Understanding Tension and Conflict Management Through Theoretical Triangulation

Title: Understanding Tension and Conflict Management Through Theoretical Triangulation
Authors: Qiu, Hong
Date: 2022-06-29
Embargo: 2023-01-09
Abstract: Tensions and conflicts are a regular, but complex, part of organizational life. Triangulating multiple related theories is useful in gaining deeper insights into the complexities of tension or conflict management processes in organizations. This dissertation consists of three related essays that collectively contribute to answering a common research question: How and why tensions or conflicts are experienced and managed in different organizational contexts? The focus is on how three theoretical perspectives (contingency, paradox and dialectic) can be deployed to understand tension or conflict management in different contexts. This topic is relevant for three reasons. First, recent evidence demonstrates that both tensions and conflicts have constructive potential for individual and/or organizational change. Second, conflict studies have been shifting from short-term focused resolution to long-term-oriented transformation. This trend suggests that conflict studies might benefit from tension research, which is often long-term oriented due to the persistence of organizational tensions. Third, the advancement of tension research at the organization level calls for more tension research at the individual level. This presents a good opportunity to complement conflict studies, which mainly focus on individual and team level analyses. The dissertation uses a multi-perspective framework to analyze tension or conflict management in three organizational contexts that are rich in tensions and conflicts: family businesses, innovation in government, and the entrepreneurial university. The contingency perspective features either-or thinking that stresses the importance of making either-or choices according to contingencies. The paradox perspective features both-and thinking which favours strategies that address competing demands simultaneously. The dialectic perspective involves more-than thinking that aims to transcend tensions or conflicts through third parties, reframing, or other workarounds. The study of three different contexts (family business, government, and the university) allows for a better understanding of how different contexts shape the manifestation of tensions and conflicts and influence the choice of tension and conflict management strategies. The first essay (presented in chapter 2 and co-authored with Professor Mark Freel) is based on a literature review of family-related conflicts and how these conflicts are managed in family businesses. The review illustrates how the popularity of certain conflict management strategies is associated with some unique aspects of family businesses, such as the prevalence of relationship conflicts and the relatively high emotional bonding in families. The second essay (presented in chapter 3 and co-authored with Professor Samia Chreim) uses a longitudinal case study to examine how tension management evolves regarding two tensions observed in a government innovation diffusion process: control versus resistance and competing interests among stakeholders. The study demonstrates how tension management strategies evolve from simple to complex through a mechanism of joint learning between innovators and the government. The study also finds that tensions can be leveraged strategically to move the innovation project forward. The third essay (presented in chapter 4 and co-authored with Professor Samia Chreim and Professor Mark Freel) explores how academic and non-academic staff in two Canadian universities manage the reward and resource tensions associated with entrepreneurship-related activities. The study finds that individuals' strategies in managing the reward tension influence the type of entrepreneurship-related activities they engage in, and individuals' strategies in managing the resource tension influence the scale and scope of entrepreneurship-related activities at the university level. The study also illustrates that power relations are dynamic and that the implementation of both-and strategies can help balance power relations in a tension context. Collectively, the three essays in this dissertation shed light on how organizations, teams or individuals manage tensions or conflicts in three organizational contexts featuring hybrid logics (family and business; innovation and bureaucracy; entrepreneurship and scholarship). The multi-perspective framework has proved useful as a tool for analyzing both tension and conflict management. It also helps to frame important new research questions around topics such as how constructive potential is realized, why certain management strategies are more or less popular, and how strategies evolve with different types of tension or conflict.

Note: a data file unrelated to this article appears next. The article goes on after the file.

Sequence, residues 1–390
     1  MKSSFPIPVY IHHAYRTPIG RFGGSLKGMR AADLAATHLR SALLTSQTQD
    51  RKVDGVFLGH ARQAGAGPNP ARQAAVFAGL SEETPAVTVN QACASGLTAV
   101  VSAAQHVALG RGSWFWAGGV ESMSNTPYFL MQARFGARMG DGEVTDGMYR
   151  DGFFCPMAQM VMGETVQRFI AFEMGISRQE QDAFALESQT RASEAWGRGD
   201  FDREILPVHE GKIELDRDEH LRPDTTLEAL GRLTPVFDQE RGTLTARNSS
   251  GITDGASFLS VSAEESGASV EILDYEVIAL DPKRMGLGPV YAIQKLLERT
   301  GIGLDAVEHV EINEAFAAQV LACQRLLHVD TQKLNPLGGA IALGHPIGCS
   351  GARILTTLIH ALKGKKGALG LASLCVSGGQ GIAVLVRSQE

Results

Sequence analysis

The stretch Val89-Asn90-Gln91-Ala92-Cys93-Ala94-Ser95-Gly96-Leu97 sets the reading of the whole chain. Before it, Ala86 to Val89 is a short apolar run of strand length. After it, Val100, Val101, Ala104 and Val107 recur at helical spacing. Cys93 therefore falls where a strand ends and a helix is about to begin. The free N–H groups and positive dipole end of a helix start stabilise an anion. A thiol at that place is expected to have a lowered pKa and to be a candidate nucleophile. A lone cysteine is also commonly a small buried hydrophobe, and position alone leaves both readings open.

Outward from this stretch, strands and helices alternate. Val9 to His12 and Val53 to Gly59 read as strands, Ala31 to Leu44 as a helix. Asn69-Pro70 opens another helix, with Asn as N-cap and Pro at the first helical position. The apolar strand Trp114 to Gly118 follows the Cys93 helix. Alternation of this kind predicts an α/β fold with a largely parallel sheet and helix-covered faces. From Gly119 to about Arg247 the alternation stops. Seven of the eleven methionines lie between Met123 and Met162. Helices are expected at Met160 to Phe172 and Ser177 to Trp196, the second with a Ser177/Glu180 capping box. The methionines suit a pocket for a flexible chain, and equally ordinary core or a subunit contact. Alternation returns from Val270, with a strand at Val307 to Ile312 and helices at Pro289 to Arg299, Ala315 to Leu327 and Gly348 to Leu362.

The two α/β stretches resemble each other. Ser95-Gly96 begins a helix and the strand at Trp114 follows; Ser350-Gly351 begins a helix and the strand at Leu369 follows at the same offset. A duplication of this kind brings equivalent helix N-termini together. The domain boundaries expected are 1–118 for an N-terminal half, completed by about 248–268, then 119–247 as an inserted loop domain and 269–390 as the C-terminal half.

URL: http://hdl.handle.net/10393/43747
CollectionThèses - Embargo // Theses - Embargo